Definitely worth looking for a more substantial, if possibly less well-formatted, experiments/etc for children guide.
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36 of 39 people found the following review helpful By David T. Giancaspro on May 15, 2010
Format: Paperback Verified Purchase
Hey I'm a geek and a Dad so right off the bat this book is full of win for me. The real test though is the kids. If the kids don't dig the projects then it's a geek book. In the words of my 10 year old daughter after flipping through the book "We are totally doing some of these projects". What more can a Geek Dad ask from a book of projects?
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17 of 20 people found the following review helpful By Amy Makice on May 25, 2010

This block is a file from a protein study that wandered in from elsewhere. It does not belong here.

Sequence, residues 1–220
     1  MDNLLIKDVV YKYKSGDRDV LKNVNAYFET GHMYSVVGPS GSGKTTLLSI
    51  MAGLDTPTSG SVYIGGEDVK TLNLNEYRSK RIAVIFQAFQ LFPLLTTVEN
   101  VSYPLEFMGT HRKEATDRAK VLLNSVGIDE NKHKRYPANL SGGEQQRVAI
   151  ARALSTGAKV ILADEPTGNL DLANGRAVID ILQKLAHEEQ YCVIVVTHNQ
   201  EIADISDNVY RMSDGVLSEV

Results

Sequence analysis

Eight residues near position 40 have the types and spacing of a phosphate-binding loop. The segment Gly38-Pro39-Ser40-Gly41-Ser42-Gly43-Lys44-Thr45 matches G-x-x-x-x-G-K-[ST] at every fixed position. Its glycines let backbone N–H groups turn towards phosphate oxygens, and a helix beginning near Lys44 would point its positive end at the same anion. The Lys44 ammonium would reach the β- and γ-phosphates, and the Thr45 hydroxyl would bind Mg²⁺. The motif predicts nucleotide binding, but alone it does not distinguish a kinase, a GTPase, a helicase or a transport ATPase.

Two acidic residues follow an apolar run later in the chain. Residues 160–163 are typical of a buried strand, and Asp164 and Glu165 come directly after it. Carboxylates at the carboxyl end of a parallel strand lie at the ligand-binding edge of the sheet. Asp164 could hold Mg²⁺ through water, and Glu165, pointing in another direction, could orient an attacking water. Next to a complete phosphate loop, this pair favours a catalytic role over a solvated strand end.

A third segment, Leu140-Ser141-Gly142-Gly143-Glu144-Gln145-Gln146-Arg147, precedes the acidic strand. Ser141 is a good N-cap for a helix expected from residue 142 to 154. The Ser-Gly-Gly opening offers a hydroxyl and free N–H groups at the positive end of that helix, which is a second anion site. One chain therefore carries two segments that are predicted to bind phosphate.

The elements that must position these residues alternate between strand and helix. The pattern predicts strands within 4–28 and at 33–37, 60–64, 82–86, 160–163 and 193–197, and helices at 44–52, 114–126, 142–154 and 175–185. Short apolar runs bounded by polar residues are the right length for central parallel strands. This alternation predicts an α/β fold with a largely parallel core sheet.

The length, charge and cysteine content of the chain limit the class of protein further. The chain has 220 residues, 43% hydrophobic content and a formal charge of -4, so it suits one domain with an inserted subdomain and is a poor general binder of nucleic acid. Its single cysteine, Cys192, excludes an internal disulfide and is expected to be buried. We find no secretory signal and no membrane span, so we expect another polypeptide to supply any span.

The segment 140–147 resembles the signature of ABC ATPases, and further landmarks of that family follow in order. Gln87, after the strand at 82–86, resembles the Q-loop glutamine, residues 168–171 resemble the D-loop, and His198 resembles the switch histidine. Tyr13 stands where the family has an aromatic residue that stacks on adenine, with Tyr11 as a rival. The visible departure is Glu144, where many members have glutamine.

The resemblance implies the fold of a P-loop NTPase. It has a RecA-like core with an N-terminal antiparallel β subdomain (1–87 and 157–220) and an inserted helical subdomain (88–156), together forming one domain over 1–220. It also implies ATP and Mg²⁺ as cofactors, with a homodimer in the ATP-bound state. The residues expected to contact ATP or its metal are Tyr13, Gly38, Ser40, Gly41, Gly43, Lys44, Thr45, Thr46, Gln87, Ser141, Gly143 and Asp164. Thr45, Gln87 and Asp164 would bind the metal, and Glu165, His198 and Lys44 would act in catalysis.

Format: Paperback
Geek Dad has a wide range of projects, from those requiring simple items you already have around the house, to a few that might inspire you to designate a piggy bank ahead of time. There are plenty of crafty ideas sprinkled in with electronics and robotics- even a crochet project!

The instructions are easy to understand and adaptable for different skill levels, including non-geeks. Both my 10 year old and my 6 year old found projects they want to try ASAP.

These projects offer kids a chance at hands-on experiments, something they frequently miss in today's test-focused school day.
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11 of 13 people found the following review helpful By Commodore 64 on April 16, 2012
Format: Paperback
This is a great concept, but the ease of the projects is overstated. You can't simply crack the book open on a Sunday and do a project. Some involve buying or ordering specialty products (ie "ice cubes fit for a geek) recommends ordering a special resin from Amazon. Others involve writing computer code or electronics - things you'll just end up doing yourself.